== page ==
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Implicit bias occurs when individuals make judgments about people based on gender, race or other prohibited factors without even realizing they’re doing it.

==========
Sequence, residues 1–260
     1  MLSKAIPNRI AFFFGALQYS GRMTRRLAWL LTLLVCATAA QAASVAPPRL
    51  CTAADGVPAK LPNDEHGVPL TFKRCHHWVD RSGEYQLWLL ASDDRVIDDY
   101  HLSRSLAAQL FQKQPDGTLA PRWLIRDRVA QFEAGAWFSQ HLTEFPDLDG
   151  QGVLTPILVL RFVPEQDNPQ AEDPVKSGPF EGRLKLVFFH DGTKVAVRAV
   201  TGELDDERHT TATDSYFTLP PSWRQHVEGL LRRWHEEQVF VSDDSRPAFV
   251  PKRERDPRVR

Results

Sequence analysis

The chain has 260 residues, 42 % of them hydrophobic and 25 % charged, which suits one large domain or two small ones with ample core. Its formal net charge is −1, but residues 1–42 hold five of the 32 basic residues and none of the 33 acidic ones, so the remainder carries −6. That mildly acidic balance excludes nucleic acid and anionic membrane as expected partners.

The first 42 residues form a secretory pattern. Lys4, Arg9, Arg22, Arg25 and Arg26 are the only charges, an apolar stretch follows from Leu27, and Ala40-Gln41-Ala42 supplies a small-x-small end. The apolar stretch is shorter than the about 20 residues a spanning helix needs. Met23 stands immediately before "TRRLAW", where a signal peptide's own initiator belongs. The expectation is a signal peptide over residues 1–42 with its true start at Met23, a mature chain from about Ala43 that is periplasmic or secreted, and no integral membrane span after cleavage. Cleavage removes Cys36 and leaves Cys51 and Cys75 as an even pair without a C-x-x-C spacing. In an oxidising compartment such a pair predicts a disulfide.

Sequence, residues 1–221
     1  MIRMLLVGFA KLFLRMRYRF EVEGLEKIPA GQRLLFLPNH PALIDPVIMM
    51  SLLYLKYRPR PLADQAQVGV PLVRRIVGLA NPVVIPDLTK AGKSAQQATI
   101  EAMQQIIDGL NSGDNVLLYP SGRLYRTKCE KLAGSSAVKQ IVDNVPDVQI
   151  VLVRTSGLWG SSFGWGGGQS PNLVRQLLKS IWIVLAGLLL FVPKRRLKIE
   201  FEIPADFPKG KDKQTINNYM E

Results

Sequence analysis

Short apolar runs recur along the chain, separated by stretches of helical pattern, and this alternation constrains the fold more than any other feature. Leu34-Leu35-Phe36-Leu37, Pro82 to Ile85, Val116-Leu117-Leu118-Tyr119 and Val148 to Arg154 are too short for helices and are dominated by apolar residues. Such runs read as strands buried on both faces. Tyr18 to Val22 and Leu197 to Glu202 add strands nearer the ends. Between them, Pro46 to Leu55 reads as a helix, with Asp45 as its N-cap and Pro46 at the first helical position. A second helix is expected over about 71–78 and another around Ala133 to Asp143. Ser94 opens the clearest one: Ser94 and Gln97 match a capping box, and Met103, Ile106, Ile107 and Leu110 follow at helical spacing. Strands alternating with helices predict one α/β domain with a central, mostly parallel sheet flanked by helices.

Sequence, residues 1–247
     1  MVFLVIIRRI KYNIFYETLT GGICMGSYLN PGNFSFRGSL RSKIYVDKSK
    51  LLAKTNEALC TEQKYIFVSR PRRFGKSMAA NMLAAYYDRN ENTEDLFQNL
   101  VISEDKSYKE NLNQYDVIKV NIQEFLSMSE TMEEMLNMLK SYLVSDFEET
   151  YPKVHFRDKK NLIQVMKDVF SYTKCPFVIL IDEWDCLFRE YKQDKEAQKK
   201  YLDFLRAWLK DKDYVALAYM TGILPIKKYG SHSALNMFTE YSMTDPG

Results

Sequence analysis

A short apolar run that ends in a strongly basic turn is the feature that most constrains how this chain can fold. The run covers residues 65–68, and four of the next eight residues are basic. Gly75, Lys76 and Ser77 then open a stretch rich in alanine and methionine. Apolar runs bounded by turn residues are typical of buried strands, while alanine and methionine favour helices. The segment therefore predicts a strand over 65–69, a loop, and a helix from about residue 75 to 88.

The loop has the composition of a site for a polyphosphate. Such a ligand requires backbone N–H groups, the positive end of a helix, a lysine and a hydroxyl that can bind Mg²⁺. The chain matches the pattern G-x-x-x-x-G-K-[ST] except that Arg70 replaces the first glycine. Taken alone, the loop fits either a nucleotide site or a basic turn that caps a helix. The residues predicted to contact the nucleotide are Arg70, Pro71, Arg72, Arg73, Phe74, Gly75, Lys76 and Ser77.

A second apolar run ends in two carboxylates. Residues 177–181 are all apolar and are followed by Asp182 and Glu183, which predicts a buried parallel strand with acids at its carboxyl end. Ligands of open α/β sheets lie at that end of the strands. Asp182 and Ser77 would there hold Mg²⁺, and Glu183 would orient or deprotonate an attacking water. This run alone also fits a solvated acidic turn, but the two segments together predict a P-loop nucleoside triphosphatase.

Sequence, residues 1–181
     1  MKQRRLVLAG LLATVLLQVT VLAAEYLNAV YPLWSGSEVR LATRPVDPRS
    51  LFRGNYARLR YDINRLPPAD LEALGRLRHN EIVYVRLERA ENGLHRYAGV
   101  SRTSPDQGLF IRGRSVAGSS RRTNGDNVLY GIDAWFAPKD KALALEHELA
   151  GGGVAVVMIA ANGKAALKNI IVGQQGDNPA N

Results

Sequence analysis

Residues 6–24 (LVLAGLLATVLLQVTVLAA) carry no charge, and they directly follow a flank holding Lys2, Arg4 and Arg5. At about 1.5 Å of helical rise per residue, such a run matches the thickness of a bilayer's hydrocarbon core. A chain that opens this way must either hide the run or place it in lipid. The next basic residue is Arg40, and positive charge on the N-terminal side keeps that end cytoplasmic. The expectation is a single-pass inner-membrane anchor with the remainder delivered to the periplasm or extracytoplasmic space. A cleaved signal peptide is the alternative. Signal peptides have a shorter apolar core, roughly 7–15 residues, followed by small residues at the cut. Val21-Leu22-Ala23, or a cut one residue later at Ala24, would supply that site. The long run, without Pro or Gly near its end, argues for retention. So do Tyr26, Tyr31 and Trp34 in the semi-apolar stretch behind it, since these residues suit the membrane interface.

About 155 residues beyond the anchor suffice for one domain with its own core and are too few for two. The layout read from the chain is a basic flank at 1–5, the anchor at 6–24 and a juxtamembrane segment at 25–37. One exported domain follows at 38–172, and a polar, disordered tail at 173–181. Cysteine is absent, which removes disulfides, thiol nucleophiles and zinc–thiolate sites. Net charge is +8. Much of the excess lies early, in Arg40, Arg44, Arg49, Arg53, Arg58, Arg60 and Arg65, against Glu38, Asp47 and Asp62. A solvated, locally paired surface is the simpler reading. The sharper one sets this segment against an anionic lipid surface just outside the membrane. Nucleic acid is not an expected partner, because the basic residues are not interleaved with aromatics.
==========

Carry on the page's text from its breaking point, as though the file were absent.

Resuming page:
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On Aug. 1, Massachusetts woke up to what is becoming a regular occurrence: the legislature was unable to pass a bill limiting the use of noncompetition agreements in the Commonwealth, although it came the closest it has in years.On June 29, the House unanimously passed a bill that would have drastically changed the landscape for noncompetes in Massachusetts. Weeks later, on July 14, the Senate passed its own bill, but with several significant differences. The House rejected the Senate bill, and on July 18, the bill went to conference. The House and Senate conferees worked right up to the July 31 midnight deadline, but were unable to reach a compromise. The sticking point appears to be what is known as "garden leave" – a requirement that an employer pay the former employee for the time restricted from working because of a noncompete. The Senate bill called for employees to receive 100 percent of their compensation during the restricted period, while the House bill required 50 percent of their salary, or "some amount of mutually agreed upon compensation." The conferees also could not agree on how long a noncompete restriction could last: the Senate wanted to limit the restriction to three months, while the House bill would have allowed noncompetes of up to a year.Other than these points, the House and Senate versions are quite similar. Both versions required consideration beyond continued employment for noncompetes signed by current employees, and both prohibited the use of noncompetes with lower-wage workers, nonexempt employees, students in an internship, and employees terminated without cause or laid off.The Massachusetts legislature is now out of session, and therefore January 2017 is the earliest that we can expect a vote on any compromise bill. Even if the legislature had passed a noncompete law, it likely would not have taken effect until late spring or summer 2017. A potential compromise measure is not expected to be retroactive, so any future changes to noncompetes should not affect agreements entered into until that time. Christopher Kaczmarek, Stephen Melnick and Melissa Mcdonagh are attorneys with Littler in Boston. © Littler. All rights reserved. Reposted with permission.
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